Dredd 3D Directed by Pete Travis Written by Alex Garland Starring Karl Urban, Olivia Thirlby, Wood Harris, Lena Headey, Domhnall Gleeson Lionsgate | DNA Films Rated R | 95 Minutes Release Date: September 21, 2012
Created by John Wagner and Carlos Ezquerra, Judge Dredd first appeared in 1977 in the science-fiction anthology 2000 AD. A law enforcer given the power of judge, jury, and executioner, Dredd patrols the dystopian metropolis of Mega-City One, a vast city-state within a post-apocalyptic wasteland.
In 1995, director Danny Cannon (I Still Know What You Did Last Summer) brought Judge Dredd to the big screen starring Sylvester Stallone, Diane Lane, Max von Sydow, and Rob Schneider – and yes, you read that correctly – that’s Deuce Bigalow Male Gigalo, not Roy Scheider of Jaws.
Judge Dredd is pure ’90s cheese: a violent, effects-heavy movie that feels like the best parts of RoboCop and the worst parts of Demolition Man – the comic book equivalent to 1993′s Super Mario Bros. Looking back on it, if Stallone would have kept his helmet on – and if Rob Schneider wasn’t involved – it might have been a passable action movie.
Luckily, Hollywood believes in second chances – especially if there’s money to be made. In a cinematic landscape post-Batman Begins, it seems everything is being rebooted or re-imagined with a dark, gritty, brooding twist.
The light gets dark, the dark gets darker. With a remake of RoboCop right around the corner, and the recent box office success of superhero and comic book adaptations, it was only a matter of time until Judge Dredd was put back on duty.
This time around, Pete Travis (Vantage Point) directs Dredd 3D, based on a screenplay by Alex Garland (28 Days Later, Sunshine, Never Let Me Go). The film stars Karl Urban (Star Trek) as Dredd and Olivia Thirlby (The Wackness) as Anderson, Dredd’s rookie partner with a psychic mutation.
Dredd and Anderson go to the Peach Trees, a high-rise in Mega-City One, to investigate a routine triple homicide when they are trapped inside the 200-story by Ma-Ma (Lena Headey), the tower’s resident drug lord and all-around bad bitch. Together they must fight their way out of the blast shield-protected mega-structure floor by floor and deliver judgment to Ma-Ma and her gang.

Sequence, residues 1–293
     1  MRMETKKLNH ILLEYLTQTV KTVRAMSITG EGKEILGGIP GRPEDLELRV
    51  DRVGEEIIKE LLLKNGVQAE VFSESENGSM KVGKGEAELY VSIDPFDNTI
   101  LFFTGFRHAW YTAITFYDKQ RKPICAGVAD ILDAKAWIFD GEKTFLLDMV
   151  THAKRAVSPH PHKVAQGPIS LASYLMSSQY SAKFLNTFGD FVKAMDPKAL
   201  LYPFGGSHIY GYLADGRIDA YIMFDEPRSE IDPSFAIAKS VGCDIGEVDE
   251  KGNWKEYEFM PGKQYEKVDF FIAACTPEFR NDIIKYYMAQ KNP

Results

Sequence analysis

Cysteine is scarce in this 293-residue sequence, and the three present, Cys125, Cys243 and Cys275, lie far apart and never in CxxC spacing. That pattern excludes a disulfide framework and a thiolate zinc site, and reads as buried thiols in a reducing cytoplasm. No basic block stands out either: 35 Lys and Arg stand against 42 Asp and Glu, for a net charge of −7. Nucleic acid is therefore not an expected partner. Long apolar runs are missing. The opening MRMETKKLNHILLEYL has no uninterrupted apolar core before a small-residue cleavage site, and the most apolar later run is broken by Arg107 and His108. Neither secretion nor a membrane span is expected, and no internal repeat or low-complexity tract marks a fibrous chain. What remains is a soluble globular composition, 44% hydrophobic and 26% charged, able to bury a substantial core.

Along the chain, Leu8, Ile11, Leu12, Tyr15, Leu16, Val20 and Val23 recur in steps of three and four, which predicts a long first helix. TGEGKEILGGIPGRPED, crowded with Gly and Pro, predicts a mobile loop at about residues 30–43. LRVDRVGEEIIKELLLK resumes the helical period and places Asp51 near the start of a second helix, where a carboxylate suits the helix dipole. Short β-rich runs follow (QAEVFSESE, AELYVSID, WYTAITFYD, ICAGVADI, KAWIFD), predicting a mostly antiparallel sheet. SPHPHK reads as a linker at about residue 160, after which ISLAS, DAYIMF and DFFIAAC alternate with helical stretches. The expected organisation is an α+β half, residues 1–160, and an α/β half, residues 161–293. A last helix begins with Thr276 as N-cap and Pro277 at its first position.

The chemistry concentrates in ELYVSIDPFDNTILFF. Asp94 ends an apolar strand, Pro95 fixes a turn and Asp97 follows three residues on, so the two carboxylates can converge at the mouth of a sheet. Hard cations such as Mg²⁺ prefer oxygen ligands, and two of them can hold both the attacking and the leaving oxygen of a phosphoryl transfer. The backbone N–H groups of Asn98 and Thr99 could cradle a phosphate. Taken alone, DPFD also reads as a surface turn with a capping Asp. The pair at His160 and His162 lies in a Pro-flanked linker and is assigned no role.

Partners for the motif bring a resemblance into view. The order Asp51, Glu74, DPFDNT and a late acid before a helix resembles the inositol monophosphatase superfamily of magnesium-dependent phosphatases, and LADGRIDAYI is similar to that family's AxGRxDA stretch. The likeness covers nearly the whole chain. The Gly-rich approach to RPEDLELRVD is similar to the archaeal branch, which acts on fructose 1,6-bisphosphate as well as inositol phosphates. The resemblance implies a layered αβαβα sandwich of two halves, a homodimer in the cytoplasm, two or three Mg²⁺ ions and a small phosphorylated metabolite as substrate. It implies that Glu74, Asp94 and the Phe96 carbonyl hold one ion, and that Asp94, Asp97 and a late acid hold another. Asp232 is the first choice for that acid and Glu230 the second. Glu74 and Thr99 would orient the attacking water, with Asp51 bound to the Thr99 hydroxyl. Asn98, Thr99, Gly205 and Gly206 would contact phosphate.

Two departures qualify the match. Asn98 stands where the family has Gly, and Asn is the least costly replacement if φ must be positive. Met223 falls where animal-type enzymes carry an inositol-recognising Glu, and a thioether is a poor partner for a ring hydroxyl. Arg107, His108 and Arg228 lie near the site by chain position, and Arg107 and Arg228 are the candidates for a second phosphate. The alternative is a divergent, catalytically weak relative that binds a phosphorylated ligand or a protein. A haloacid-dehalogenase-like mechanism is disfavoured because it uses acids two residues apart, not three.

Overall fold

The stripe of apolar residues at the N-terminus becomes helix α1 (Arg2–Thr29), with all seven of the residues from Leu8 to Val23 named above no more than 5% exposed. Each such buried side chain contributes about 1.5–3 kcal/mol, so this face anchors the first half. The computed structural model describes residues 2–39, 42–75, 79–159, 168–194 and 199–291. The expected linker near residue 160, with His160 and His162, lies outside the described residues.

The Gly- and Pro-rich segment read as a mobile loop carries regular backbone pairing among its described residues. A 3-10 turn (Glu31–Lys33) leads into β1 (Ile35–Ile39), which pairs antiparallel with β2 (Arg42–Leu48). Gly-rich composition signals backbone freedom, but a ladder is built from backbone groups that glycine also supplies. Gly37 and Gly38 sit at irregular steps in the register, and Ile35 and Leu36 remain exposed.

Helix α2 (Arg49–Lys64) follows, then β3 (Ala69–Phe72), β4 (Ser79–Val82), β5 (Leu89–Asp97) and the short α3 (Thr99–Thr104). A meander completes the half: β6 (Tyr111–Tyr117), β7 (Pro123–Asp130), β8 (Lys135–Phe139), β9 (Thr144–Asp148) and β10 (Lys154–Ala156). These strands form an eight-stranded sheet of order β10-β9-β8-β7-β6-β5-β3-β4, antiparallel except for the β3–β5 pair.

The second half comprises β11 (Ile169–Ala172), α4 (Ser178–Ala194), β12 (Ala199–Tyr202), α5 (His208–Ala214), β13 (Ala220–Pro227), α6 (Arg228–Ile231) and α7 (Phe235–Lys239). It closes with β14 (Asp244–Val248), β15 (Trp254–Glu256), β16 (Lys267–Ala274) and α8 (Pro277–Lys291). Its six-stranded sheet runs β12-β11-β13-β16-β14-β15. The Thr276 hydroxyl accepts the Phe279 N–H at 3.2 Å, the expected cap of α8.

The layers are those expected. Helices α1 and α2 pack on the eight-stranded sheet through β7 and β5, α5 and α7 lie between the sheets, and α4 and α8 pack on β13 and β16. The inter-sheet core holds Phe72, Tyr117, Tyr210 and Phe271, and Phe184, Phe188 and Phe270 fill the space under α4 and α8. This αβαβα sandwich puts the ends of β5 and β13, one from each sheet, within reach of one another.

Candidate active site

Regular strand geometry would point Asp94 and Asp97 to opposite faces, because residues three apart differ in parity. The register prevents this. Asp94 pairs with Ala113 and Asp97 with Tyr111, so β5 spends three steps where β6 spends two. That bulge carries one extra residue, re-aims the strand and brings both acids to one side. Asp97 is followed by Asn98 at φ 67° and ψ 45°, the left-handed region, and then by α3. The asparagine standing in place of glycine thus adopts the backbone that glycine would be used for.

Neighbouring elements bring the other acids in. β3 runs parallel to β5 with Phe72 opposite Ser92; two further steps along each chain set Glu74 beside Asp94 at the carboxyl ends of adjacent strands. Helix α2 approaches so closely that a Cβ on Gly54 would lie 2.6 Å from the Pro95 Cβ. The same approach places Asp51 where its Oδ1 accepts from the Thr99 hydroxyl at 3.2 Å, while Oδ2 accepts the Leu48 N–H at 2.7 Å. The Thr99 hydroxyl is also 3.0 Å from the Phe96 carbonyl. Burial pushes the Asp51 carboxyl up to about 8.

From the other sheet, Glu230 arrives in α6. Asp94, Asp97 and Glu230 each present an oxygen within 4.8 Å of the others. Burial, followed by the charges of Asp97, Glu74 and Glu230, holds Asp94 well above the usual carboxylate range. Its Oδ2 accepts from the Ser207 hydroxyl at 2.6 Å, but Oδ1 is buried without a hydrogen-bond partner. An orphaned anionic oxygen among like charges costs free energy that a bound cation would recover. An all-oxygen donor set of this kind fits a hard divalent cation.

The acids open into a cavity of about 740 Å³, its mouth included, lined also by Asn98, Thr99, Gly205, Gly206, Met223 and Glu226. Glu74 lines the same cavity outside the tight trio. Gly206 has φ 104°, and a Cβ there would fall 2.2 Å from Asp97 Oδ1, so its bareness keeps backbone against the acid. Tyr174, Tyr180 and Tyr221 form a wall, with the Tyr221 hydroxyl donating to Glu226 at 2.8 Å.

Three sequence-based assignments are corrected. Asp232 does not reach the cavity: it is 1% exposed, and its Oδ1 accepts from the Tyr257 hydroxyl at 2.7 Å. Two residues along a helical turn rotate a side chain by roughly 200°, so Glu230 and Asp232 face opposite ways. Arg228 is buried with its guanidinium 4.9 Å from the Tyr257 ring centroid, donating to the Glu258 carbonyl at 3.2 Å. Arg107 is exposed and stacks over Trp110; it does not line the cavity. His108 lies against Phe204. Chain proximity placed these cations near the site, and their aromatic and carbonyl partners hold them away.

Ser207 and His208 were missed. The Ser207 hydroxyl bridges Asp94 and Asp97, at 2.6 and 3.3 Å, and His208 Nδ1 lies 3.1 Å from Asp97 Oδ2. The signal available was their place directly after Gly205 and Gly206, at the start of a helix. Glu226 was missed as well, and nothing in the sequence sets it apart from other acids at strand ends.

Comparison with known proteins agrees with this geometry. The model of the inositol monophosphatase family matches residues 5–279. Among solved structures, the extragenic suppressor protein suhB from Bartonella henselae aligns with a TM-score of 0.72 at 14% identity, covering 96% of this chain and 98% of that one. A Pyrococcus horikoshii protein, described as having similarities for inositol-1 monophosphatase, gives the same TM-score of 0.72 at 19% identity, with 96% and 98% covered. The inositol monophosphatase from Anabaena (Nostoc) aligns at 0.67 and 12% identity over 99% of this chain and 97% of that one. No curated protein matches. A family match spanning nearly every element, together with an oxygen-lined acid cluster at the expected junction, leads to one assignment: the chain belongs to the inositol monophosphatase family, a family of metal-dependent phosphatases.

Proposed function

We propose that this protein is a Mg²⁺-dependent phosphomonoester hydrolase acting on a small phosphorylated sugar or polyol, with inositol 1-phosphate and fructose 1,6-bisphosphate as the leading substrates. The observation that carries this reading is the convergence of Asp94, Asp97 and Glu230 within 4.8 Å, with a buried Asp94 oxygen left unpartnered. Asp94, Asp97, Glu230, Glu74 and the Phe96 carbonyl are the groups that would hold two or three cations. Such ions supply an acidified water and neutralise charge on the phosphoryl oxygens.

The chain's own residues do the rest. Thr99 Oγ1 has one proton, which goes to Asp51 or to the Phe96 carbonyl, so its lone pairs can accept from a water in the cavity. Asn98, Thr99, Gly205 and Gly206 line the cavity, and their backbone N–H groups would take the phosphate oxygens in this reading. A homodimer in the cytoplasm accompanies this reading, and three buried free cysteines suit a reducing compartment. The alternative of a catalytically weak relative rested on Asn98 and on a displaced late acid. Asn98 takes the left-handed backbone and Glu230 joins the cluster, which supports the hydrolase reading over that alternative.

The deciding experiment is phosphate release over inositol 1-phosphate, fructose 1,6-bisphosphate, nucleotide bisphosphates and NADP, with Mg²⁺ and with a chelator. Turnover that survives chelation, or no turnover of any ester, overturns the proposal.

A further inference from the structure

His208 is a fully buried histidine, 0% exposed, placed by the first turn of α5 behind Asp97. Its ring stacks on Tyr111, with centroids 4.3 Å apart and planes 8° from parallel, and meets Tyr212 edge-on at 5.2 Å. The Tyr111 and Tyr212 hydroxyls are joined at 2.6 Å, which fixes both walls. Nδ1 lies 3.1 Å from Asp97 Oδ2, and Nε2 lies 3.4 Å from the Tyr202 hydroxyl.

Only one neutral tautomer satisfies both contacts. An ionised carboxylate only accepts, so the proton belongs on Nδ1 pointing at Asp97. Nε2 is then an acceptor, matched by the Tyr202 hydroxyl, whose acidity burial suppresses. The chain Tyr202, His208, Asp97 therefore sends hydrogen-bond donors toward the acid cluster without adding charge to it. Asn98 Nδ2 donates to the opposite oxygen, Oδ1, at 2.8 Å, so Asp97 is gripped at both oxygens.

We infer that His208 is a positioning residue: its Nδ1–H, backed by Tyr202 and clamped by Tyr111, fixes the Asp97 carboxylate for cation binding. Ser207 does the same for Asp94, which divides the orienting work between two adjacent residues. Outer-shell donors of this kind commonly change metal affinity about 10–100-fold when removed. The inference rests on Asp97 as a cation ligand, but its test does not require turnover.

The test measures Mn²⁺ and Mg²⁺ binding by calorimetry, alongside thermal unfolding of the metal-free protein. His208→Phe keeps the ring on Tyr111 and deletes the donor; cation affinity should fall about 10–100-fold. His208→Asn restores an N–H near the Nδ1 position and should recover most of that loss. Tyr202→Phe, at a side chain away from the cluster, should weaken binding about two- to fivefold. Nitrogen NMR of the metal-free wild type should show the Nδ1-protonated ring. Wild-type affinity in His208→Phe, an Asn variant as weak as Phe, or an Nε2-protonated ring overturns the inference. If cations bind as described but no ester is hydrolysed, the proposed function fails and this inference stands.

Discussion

Ma-Ma is the brains behind a new synthetic drug called Slo-Mo, an addictive inhalant that slows the user’s perception of time to 1% of normal speed, which makes for some pretty beautiful, disorienting scenes (enhanced by 3D) where bullets whiz by Matrix-style and pierce flesh and bone with elegant precision. Ma-Ma is so unrelenting in her brutality that she forces enemies to inhale Slo-Mo before skinning them alive and throwing them off a 200-story tower block, allowing them to slowly plummet to their concrete-cracking demise.
For fans of The Raid: Redemption, the plot may sound somewhat familiar, even though Garland began writing Dredd in 2006 during post-production on Sunshine. Garland would go on to complete his first draft during filming of 28 Weeks Later, with Judge Dredd creator John Wagner revising the script and tweaking dialogue. The ‘fight our way out’ plot isn’t an entirely new idea anyway, being as both films seem semi-inspired by John Carpenter’s Assault on Precinct 13 – but it is one of those Armageddon / Deep Impact situations where two films with similar ideas are released back-to-back.
Travis’ Dredd 3D is a violent, no-holds-barred, post-apocalyptic masterpiece. It amazes me that, in an age of PG-13 horror movies and watered-down, derivative crap, a hard-R sci-fi action movie can be released in theaters with tons of blood and head-exploding awesomeness. Dredd 3D is everything the RoboCop remake should be, but won’t be – a brutal, pulpy tech-noir dressed in the trappings of a bleak, dystopian future.
As I write this review, Dredd 3D will have only made $6,300,000 this weekend – and that’s fucking sad. It’s sad that people are more willing to watch the absolutely abysmal House at the end of the Street ($13 Million opening weekend gross) or the SIXTHResident Evil movie, Resident Evil: Retribution ($6,700,000 this weekend) than an inspired, faithful comic book adaptation with balls – a grindhouse satire that isn’t afraid to skin a few thugs alive.
If you long for the days when science-fiction action flicks were rated R and sold to actual adults instead of PG-13, bloodless, generic novelties for kids with learner’s permits, then Dredd 3D is a fantastically fun shoot ‘em up with great performances by Urban, Thirlby, Headey, and Avon Barksdale himself, Wood Harris.
Look, if you’re a geek (and I assume you are), you need to saddle up and go to the theater and see Dredd 3D. It’s Blade Runner meets Die Hard, and I desperately want a sequel with robots, aliens, mutants and bad-ass Karl Urban growling and field-dressing himself with a Predator-esque first aid kit. I AM THE LAW!